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When you’re saving money toward certain types of short- to medium-term financial goals, a certificate of deposit (CD) could be a great place to store your cash. And this year, CDs have seen an incredible rise is value, with some CD interest rates quadrupling since the second half of 2022.

There are many benefits that CDs have to offer that you might miss out on if you keep your money in a regular savings or checking account. Below are five of the biggest benefits of saving your money with CDs in 2023.

Recommended CDs

CIT Bank Term Certificates of Deposit

Open CD

Member FDIC

  • Our Rating 3.5/5 How our ratings work Read the review
  • Minimum
    Deposit Required
  • 1 Year APY0.30% More Info

    Annual Percentage Yield is accurate as of March 31, 2023. Interest rates for CIT Bank's term CDs are variable and subject to change at any time without notice

  • 3 Year APY0.40% More Info

    Annual Percentage Yield is accurate as of March 31, 2023. Interest rates for CIT Bank's term CDs are variable and subject to change at any time without notice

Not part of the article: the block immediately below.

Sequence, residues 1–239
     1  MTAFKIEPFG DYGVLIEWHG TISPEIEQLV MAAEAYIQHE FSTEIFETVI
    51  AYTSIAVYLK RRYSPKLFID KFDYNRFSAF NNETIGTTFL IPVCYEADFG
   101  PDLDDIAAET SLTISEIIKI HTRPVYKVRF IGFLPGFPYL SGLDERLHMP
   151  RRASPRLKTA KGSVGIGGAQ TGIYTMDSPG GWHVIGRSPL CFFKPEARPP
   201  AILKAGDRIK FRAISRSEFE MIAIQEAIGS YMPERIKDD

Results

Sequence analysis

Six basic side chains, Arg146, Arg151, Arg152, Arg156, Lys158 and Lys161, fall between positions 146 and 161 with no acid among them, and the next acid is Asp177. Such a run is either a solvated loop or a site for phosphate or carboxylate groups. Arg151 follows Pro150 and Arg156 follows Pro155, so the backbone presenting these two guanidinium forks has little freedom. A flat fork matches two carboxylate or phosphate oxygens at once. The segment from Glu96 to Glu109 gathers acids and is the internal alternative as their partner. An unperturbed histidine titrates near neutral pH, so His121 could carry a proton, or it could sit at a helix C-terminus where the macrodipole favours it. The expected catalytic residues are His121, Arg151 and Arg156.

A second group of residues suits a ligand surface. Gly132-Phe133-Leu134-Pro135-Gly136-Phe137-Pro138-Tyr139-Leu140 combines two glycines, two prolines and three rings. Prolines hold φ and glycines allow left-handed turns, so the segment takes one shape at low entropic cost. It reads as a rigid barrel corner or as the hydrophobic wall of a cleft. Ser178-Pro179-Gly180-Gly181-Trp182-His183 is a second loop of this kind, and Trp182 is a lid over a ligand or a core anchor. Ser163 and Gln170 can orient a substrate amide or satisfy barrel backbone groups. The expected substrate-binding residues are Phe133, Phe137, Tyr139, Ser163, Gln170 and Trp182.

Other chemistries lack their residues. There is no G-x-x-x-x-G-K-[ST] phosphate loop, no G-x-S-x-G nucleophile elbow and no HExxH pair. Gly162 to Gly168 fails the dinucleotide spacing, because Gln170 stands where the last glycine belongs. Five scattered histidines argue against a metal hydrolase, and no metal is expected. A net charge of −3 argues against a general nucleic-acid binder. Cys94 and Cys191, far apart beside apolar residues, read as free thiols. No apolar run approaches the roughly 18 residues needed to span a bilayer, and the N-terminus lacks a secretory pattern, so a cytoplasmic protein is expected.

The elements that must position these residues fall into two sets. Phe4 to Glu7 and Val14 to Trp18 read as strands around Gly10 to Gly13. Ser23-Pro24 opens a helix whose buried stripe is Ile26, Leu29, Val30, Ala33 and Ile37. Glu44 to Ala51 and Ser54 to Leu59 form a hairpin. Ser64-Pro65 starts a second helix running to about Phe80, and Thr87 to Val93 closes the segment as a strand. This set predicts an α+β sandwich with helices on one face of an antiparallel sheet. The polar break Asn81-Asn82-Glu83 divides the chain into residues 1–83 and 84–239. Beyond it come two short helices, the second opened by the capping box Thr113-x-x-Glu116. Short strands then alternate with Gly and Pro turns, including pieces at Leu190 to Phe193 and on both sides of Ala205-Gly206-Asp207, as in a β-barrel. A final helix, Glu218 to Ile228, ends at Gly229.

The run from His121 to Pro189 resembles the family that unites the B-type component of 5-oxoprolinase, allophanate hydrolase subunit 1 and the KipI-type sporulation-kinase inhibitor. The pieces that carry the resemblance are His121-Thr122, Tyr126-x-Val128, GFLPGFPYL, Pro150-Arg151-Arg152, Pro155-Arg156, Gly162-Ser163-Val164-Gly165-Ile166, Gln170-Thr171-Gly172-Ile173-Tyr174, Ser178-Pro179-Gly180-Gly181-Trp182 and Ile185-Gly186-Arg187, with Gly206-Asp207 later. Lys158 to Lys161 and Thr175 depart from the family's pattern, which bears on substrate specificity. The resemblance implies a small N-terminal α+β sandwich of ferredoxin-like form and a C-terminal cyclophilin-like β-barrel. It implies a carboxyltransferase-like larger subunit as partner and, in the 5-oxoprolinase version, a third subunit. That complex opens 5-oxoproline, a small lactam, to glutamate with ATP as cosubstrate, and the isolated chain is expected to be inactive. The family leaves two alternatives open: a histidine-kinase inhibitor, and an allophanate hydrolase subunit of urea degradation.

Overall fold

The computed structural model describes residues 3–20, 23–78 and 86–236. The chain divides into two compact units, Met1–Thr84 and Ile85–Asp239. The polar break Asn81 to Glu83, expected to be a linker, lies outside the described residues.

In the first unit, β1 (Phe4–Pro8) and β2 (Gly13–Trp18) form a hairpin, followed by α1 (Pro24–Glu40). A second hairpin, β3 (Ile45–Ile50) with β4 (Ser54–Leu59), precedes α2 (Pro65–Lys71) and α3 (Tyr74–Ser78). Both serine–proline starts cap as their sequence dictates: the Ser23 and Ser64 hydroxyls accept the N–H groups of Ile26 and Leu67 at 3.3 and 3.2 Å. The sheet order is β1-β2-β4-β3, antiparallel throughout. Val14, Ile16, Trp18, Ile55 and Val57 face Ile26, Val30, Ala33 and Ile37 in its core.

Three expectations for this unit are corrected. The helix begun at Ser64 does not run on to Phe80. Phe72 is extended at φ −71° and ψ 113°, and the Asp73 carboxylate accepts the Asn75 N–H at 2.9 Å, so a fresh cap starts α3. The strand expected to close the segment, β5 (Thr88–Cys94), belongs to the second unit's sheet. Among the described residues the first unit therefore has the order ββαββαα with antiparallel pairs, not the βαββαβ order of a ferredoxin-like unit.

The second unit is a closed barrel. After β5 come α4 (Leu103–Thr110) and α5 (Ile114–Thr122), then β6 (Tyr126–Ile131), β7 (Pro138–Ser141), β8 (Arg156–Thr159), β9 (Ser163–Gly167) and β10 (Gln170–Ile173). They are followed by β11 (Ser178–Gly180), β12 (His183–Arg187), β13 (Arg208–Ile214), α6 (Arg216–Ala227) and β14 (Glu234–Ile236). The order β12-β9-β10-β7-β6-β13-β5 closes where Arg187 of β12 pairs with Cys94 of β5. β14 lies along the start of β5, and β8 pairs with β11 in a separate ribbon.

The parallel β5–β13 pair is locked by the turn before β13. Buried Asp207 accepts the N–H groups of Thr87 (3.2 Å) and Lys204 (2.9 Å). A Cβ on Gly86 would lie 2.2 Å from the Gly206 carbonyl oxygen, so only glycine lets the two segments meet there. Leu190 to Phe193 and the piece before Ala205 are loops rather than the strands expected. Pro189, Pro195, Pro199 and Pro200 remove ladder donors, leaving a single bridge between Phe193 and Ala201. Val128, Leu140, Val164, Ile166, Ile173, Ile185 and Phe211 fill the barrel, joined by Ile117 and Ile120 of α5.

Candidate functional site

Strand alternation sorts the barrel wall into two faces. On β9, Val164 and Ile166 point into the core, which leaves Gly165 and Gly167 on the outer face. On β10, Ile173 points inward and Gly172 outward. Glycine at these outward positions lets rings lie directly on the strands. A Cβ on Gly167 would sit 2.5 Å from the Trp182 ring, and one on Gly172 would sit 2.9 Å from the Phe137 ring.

• 6-Month APY5.00% More Info

    Annual Percentage Yield is accurate as of March 31, 2023. Interest rates for CIT Bank's term CDs are variable and subject to change at any time without notice

Many banks that offer CDs require customers to commit to lengthy terms of several years or more in order to earn the highest interest rates available. However, with CIT Bank's term CDs, the opposite is true. To get the best rates at CIT, you'll need to open one of its shorter-term CDs, such as its 6-month CD that pays 5.00% APY. If you want an easy way to save more money without having to wait years, CIT Bank's term CDs are a solid option.


If you’re looking for a dependable way to earn interest on your money in the short term, CIT Bank’s certificates of deposits may be an excellent choice for you. However, those looking to open a long-term CD may be better off looking elsewhere.


  • Strong rates for 13- and 18-month terms
  • FDIC insured


  • Rates for longer terms unimpressive

Synchrony Bank Certificates of Deposit

Open CD

at Synchrony

Synchrony Bank offers some of the most flexible CD options currently available. With terms ranging from three months to five years, as well as a Bump-Up CD and No-Penalty CD option, there's likely a certificate of deposit in Synchrony's roster that lines up with your needs. Additionally, none of Synchrony's CDs require a minimum opening balance, which is remarkably rare (many of the best CD rates require a minimum deposit of $1,000 or more). Across the board, Synchrony offers higher rates than most traditional banks, and some even outpace the best online banks' rates. All this makes Synchrony CDs an easy recommendation.